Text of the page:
By Gina Blitstein

Every business has a beginning. The first project. The first client. The first day. The first…everything. All your education, training, investment, time and passion come together at this critical place and time. Are you prepared for what you’ll encounter as your business begins?


Your initial excitement at finally getting your enterprise in motion should be unbridled – but is it? New entrepreneurs are often fraught with as much worry as excitement. Your anticipation could be diminished if you find yourself dwelling on the fact that, as a new business, you are less experienced than others in your field. Focusing upon what you don’t have to offer will leave you feeling at a disadvantage, rather than inspired and motivated about your professional endeavors.

Like so many things – in life and in business – conquering a perceived shortcoming comes down to the attitude with which you approach it. In this case, consider that while new professionals may lack experience, it’s only one element of many that combine to make a well-rounded, competent professional. So instead of lamenting your “newbie” status, let’s cut it down to size and focus on what new professionals do bring to the table.

Lack of experience really only means two things:

  1. You haven’t encountered a lot of opportunities to ply your trade, which can make things like estimating costs or billable hours and handling unforeseen situations challenging.
  2. You haven’t accumulated a comprehensive list of satisfied customers who can provide referrals and reviews of your work, which makes growing your network challenging.

Let’s explore what newbies offer that could be considered your edge against the competition.

New professionals offer:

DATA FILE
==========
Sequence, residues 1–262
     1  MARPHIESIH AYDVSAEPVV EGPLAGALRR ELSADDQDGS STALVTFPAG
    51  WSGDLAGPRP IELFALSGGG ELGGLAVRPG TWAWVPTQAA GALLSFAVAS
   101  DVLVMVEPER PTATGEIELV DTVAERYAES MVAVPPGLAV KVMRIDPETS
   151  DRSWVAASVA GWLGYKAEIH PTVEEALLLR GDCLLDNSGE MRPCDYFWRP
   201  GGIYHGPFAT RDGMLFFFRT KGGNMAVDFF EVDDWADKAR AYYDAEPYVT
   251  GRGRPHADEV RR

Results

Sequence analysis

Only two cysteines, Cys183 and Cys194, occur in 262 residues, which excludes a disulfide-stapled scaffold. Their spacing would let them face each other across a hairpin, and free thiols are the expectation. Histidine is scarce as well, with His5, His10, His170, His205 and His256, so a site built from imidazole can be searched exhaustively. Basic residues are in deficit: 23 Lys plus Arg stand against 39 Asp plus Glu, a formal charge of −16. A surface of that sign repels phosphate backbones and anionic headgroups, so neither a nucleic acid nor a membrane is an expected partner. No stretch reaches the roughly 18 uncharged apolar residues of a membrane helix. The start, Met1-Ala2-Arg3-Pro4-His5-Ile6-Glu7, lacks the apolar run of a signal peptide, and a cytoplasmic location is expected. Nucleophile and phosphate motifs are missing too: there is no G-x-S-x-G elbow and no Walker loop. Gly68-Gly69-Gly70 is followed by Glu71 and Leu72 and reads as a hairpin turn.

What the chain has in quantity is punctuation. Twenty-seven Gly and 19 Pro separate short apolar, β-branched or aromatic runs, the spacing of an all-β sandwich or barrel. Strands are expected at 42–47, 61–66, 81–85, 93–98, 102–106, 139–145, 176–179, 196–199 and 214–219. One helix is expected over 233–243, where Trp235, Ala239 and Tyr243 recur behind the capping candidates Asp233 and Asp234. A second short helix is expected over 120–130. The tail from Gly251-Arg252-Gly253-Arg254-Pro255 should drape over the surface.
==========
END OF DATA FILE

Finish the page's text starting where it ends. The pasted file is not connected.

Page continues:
The latest and the greatest – As you embark on your new business venture, it’s likely that you’re freshly trained and educated in the latest information and techniques your field has to offer. While those with experience can go in for a “tune up and tire rotation,” you’re the new model, fresh off the showroom floor.

Passion and enthusiasm - New professionals may not have experience under their belts, but they have newbie passion. Don’t downplay or underestimate its power! You only have it when you’re a new professional, so leverage it to the fullest while it applies to you. Newbie passion looks like this:

  • You’ll go the extra mile – just because.
  • You’re not jaded or resting on your laurels.
  • You consider every client to be a feather in your cap – a precious opportunity to strut your stuff for the first time.

As a newbie, you’re anxious to show the world what you’ve got – this is the time to make your first good impressions that will become the foundation of your entire career.

A fresh perspective - As a newbie, you have a whole new attitude to bring to your work. You’ll approach tasks and projects from a fresh point of view – one that’s yours alone. Instead of allowing your lack of experience to make you feel unprepared to meet the demands of your profession, consider it an opportunity to hone your craft in your own way. The newbie phase of your career will help you define a unique, professional style that will continue to set you apart from the rest of the pack.

While your business will have many projects, clients, days and everythings, it will only ever have one beginning. There’s no shame in being a new professional – every business has undergone its own brand of growing pains upon its journey toward success. The key is to recognize the new professional status as the tremendously powerful and vital stage in the life of a business that it is. Embrace your newbie status for that brief shining moment that it applies to your business, and you’ll be rewarded with a strong foundation for professional growth.

Gina Blitstein combines her insight as a fellow small business owner with her strong communication skills, exploring topics that enhance your business efforts.

The information provided is presented for general informational purposes only and does not constitute tax, legal or business advice. Any views expressed in this article may not necessarily be those of Nevada State Bank.